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    What Consumers Want Out of C-stores & Other Small-Box Formats

    Dollar, convenience channels lead expansion.

    NEW YORK — When it comes to shopping trips, consumers are faced with more choices than ever before. Specifically, more than 18,000 new retail stores have opened in the United States since 2007, according to The Nielsen Co.

    Taking a closer look at expansion drivers, the consumer research firm found that the overwhelming majority (88 percent) of that growth has come from small-format stores: dollar, convenience and drug.

    The dollar and convenience channels led retail expansion in terms of percentage of store count between 2007 and 2014. Dollar stores grew by 38 percent, followed closely by convenience at 30 percent, according to Nielsen's TDLinx database.

    Using consumer responses about 68 small-box retailers to derive the Nielsen Store Equity Index (NSEI), the company compiled a ranking of brands for familiarity, connection and loyalty. Only one of the top 10 retailers by NSEI score is a national retailer, while convenience store chains took the majority of the top spots: Wawa Inc. (No. 3), Kwik Trip Inc. (No. 4), Stewart's Shops (No. 6), Sheetz Inc. (No. 7), QuikTrip Corp. (No. 8) and Maverik Inc. (No. 10).

    "These findings … demonstrate how local and regional players are nimble enough to create deeper bonds with their shoppers," Nielsen noted.

    According to Nielsen, small-box outlets stand out from other retailers. They meet specific shopper needs, serve a younger demographic and face a distinctive set of challenges. 

    "Consumers make the vast majority of their small-box trips to meet immediate needs, so it's critical that retailers in this channel deliver on the promise of convenience, while meeting the specific needs of each shopper's trip — or they risk losing the shopper's future trips as well," the company explained.

    Not everyone can compete in the space — something retailers have learned. Big-box retailers and grocers entering the small-box arena have seen successes and failures, with some large players exiting the space after only a short trial period.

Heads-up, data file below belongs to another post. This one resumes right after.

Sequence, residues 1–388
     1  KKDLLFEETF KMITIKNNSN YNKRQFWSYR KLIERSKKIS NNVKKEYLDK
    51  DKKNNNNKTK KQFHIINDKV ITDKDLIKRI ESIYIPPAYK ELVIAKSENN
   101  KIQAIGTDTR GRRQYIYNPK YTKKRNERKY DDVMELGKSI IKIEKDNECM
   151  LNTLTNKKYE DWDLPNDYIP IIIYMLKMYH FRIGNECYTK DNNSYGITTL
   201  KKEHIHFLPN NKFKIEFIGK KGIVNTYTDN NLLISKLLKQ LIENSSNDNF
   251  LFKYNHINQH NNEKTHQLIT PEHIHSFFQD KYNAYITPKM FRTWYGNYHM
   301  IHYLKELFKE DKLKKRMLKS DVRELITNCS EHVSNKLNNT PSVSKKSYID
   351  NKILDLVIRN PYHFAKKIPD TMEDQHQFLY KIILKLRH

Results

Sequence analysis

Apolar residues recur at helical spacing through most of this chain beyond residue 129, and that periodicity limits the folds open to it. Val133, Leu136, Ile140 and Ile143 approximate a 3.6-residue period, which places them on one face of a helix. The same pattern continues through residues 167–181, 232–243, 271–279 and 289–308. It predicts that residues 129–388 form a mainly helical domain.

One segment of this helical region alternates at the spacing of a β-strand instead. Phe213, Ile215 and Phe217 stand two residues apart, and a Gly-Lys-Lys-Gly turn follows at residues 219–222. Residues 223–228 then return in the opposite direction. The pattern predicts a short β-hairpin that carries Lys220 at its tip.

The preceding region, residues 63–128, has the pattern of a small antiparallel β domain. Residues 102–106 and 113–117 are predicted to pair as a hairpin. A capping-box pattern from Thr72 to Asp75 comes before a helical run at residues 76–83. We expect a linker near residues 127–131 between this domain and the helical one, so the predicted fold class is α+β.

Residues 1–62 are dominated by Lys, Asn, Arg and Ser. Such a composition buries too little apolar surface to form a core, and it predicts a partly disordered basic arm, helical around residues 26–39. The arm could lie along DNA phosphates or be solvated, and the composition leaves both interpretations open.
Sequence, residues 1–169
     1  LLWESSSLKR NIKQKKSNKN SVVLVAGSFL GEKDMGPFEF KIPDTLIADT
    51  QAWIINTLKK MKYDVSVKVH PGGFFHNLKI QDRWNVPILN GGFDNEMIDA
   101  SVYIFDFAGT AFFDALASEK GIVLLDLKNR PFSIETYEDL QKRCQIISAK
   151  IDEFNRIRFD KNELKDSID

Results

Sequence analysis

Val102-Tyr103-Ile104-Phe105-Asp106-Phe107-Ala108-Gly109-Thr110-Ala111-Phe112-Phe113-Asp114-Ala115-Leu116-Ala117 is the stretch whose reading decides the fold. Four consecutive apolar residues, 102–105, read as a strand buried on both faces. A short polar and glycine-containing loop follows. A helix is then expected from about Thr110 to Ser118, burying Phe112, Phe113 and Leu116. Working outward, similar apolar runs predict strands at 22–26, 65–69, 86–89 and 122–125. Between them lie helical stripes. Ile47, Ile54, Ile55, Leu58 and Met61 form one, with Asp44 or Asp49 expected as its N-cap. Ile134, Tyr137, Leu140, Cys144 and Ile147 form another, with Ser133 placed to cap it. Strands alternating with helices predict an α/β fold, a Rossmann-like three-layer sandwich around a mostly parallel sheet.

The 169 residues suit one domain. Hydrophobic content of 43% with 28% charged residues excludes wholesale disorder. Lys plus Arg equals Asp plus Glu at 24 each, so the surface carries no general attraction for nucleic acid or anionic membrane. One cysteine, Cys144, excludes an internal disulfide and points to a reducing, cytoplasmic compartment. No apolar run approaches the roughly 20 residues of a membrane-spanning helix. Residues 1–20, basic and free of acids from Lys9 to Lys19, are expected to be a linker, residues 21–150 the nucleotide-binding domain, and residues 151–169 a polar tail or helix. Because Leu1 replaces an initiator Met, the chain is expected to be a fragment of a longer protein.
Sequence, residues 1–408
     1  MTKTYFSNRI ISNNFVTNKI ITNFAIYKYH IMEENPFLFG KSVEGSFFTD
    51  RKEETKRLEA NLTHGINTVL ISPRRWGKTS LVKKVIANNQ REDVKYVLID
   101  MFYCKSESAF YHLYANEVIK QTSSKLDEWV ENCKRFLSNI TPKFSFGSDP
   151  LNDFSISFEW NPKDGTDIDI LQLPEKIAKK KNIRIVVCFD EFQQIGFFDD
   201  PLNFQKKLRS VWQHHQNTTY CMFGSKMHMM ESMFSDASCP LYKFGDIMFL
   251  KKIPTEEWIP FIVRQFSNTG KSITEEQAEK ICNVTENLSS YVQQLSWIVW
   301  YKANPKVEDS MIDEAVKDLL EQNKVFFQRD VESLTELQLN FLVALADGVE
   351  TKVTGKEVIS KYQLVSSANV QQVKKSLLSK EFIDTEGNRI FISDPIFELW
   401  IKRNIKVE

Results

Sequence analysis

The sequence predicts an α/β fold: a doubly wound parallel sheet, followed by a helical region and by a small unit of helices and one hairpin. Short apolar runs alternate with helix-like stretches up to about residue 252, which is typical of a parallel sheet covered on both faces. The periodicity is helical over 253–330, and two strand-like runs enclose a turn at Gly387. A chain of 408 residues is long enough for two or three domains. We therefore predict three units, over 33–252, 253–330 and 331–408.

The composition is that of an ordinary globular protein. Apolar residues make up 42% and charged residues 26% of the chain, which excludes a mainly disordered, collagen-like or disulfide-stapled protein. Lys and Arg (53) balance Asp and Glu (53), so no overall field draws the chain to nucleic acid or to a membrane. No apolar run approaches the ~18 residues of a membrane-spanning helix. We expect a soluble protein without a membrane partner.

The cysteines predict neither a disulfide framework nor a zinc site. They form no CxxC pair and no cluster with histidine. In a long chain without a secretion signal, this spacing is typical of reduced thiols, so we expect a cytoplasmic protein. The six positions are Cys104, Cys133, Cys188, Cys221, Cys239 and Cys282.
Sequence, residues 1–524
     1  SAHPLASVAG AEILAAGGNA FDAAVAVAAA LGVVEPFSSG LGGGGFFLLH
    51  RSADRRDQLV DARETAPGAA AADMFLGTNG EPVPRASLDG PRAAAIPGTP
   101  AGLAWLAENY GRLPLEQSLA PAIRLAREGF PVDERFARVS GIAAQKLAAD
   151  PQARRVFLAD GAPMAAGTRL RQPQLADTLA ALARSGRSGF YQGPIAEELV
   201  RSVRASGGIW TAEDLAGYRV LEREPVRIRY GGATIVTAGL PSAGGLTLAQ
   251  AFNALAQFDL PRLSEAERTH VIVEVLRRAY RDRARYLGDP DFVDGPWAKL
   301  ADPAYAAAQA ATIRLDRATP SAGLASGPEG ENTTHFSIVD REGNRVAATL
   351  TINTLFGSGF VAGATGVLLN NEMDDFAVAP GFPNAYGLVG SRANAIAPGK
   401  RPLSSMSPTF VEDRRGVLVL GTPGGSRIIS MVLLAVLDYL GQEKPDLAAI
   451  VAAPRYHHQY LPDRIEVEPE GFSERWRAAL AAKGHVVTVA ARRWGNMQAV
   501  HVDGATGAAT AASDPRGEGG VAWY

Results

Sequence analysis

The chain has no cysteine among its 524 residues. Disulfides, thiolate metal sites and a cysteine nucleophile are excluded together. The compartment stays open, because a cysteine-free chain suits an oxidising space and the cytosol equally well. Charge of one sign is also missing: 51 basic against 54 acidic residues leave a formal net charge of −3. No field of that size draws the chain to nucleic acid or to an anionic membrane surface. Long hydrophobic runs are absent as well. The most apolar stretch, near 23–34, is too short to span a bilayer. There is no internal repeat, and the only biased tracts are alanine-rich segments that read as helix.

"Knowing the intricacies of shopper needs and expectations with the small-box space is critical to future successes," Nielsen added.


    As a part of its small-box research, Nielsen looked at 32 retailer attributes that drive store loyalty and store choice. These attributes correspond with convenience, price, product, experience and promise.

    When it comes to basic needs, consumers are looking for a safe environment, clean store and nearby location. As for core needs, they are looking for good prices, well-stocked stores and trustworthy retailers.

    The areas of opportunity lie with emerging needs, according to Nielsen. "Given convenience positioning for small-box retailers and their limited space for product differentiation, product assortment is secondary to other needs, but represents an opportunity to differentiate once other needs are met," the study found.

    Not all small-box outlets are the same. Consumers, for example, perceive convenience stores to have a better assortment of prepared foods and beverages. As a result, "shoppers are much more likely to make a meal-time trip to those stores, while they're likely to visit drug and dollar stores for larger fill-in and routine purchases," according to Nielsen.

    To see Nielsen's full article, click here. The insights for the article were derived from Store Choice Drivers, an English-language survey of 11,500 shoppers (aged 13 and older) between Oct. 6 and Oct. 19 by Nielsen Consumer and Shopper Analytics.

    Click on the image above to see more of Nielsen's small-box insights. 

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